Dear Simon,

Ties and their lengths are causing me some problems.
I have bought several ties recently, all from Drake’s, but realise that they are slightly too long. Being 5’6’’ I know I am not the tallest of peopl but then, many I see on the streets are also my size. So why are ties made to a length that it seems is too long for the majority of people?

I then decided to have a shorter tie made at Drake’s to their ‘shorter’ length and, believe it or not, this seems too short. Needless to say this also costs extra.
I then came across the great videos posted by The Armoury about men tying their ties. I was amazed how everyone used a different way of doing their tie up, but what was not shown was the length against the trouser waist or indeed jacket. As some of them only did a ‘once around’ their ties surely must be too long too!

Then I came across the little book ‘85 ways to tie a tie‘ which whilst great, does not help with length. I also noticed that some of the knots, although creating a lovely knot, must surely be based on the fabric used. Too thick a fabric will lead to a giant knot. What I want to achieve is the look of a small, tight knot that then flares out to create the front blade. Furthermore, everyone advocates the four in hand, which I use, but should one also use other knots to create interest in the knot itself?

Some advice would be appreciated.

Regards, Bradley

Hi Bradley,

You’ve certainly been thinking about this in great depth. Good man.

The length of ties can be frustrating. Everyone is a different height and most ties only come in one. Unless you take the bespoke route and get the perfect length, you have two options.

One is to keep the front and back blade the same length when you tie it (as many like to do) and live with the fact that the whole thing will look a little long. The other is to keep the front blade the right length (tip somewhere on the waistband of the trousers) and have the back blade even longer. That can either hang outside the trousers or be tucked in. As I’m sure you’ve noticed from The Armoury and other sites, many men make either style look good. (You may even be tall for Italy…)

You can also adjust the knot of course, going once more round with the four in hand, or opting or a half or full Windsor, both of which use more silk. But if you are as fanatical about the knot being right as you suggest, you might find that just as frustrating.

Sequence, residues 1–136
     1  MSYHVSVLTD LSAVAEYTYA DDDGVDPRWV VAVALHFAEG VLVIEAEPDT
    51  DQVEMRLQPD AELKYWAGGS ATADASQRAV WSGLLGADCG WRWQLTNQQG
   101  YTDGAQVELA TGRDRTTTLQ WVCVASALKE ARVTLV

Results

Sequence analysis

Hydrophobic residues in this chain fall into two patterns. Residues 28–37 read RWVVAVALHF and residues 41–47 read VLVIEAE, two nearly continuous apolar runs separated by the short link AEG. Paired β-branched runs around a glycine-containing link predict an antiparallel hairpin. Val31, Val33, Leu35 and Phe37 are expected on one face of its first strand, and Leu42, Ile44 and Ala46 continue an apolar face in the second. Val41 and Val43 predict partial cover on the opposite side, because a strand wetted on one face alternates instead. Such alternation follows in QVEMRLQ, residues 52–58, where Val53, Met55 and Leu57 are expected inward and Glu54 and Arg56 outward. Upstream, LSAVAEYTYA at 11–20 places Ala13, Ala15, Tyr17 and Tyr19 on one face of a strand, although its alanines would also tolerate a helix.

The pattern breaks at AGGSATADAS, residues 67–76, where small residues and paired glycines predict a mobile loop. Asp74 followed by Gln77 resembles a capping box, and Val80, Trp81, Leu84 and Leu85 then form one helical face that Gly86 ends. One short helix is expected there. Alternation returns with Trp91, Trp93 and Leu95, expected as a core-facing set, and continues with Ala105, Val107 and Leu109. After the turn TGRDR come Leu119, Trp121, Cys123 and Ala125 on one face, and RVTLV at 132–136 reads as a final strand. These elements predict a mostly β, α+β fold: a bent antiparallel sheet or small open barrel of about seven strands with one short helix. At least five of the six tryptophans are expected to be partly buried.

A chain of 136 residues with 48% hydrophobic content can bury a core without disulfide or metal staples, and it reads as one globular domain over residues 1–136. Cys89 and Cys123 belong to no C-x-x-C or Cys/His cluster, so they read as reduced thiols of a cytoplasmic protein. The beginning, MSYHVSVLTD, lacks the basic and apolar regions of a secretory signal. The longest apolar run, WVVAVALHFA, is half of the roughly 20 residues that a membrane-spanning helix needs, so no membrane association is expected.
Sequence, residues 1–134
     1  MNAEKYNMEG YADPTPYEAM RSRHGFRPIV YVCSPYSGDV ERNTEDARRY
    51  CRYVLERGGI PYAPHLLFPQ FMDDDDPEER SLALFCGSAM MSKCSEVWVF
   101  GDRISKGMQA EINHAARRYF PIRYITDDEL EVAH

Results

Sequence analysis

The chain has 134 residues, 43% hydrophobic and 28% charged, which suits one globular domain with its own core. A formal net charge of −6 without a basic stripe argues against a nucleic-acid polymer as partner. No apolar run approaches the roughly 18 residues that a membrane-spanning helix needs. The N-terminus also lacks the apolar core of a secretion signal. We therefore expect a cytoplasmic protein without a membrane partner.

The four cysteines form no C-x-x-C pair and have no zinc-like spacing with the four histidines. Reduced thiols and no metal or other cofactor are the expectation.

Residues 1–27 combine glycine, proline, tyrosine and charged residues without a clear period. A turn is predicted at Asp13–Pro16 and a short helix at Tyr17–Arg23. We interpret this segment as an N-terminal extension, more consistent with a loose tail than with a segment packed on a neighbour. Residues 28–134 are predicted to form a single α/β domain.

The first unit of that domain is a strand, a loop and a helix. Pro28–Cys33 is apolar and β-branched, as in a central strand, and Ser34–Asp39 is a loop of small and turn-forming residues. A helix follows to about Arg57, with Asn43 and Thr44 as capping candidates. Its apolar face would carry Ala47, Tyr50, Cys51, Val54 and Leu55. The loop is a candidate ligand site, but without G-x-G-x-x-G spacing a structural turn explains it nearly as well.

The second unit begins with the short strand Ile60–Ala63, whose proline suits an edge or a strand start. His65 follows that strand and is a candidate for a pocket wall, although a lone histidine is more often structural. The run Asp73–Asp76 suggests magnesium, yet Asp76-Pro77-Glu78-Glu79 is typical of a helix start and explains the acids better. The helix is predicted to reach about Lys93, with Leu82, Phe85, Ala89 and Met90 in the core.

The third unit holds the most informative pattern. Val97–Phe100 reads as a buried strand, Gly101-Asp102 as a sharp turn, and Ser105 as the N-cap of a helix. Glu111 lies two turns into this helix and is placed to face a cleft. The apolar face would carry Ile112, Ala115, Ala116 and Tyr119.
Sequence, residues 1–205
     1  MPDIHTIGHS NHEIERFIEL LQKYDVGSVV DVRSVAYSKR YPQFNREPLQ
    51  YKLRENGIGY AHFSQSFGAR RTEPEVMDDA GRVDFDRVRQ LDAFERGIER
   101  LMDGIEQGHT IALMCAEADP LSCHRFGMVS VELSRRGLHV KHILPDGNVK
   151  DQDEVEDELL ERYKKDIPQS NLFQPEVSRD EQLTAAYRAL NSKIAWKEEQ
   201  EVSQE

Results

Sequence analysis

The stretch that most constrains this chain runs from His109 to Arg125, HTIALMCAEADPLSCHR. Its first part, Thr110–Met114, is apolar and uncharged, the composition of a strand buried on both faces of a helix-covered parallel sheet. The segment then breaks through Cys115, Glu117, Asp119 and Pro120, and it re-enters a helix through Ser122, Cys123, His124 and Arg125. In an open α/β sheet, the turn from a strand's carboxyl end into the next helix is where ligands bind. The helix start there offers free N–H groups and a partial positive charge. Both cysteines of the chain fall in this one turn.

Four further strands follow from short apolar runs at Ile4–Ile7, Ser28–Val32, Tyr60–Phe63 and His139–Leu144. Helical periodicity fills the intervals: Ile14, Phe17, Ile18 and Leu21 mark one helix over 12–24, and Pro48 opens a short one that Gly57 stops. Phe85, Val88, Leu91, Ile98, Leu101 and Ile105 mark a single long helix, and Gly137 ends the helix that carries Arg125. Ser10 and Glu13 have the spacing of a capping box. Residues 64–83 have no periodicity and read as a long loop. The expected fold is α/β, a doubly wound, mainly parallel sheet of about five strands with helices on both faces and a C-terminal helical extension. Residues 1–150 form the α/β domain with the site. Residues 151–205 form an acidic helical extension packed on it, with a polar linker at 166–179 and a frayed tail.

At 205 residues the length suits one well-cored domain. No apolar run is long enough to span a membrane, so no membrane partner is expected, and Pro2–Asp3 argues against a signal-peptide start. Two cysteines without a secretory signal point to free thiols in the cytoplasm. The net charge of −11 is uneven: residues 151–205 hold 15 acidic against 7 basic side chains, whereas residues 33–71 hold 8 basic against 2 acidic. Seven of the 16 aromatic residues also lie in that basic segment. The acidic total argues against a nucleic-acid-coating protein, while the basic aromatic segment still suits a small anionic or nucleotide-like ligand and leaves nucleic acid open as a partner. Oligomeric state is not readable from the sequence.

These knots do indeed depend on the material of the tie, particularly the more complex ones. Most things work with a four in hand though. And I don’t see any need to vary the knot.

The way the tie sits is mostly to do with the collar, not the tie. It helps if the tie is tight, of a material with some texture and so friction, is tied to have at least one dimple, is set as high as possible in the collar and is tightened horizontally. But in the end the collar is the most important thing.

This is a whole post in itself, and can take a long time to get right with a shirtmaker, but many of us spend a lot of time trying. It’s one reason men tend to have only one shirtmaker, but several tailors.



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Sam Hober bespoke neckties might be the answer. The available selection is not quite what’s at Drake’s, but a Drake’s necktie isn’t nearly as well made as one from Sam Hober. SH is also a good deal less expensive. May be worthwhile to have SH make you some neats and grenadines and other basics. E.G. Cappelli is another option.


Cut individually (not forty at a time) by hand; sewn by hand; made to one’s specs; hand-rolled tips are a good deal neater, as is the sewing generally (what one can see of it, anyway). . .

To be clear, though, Drake’s neckties tie a wonderful knot, are made from wonderful designs in lovely colors, and are likely as good as RTW necktie.

Do you think Drake’s ties are as well made, Simon? If I remember correctly, you’ve seen the whole process at Drake’s.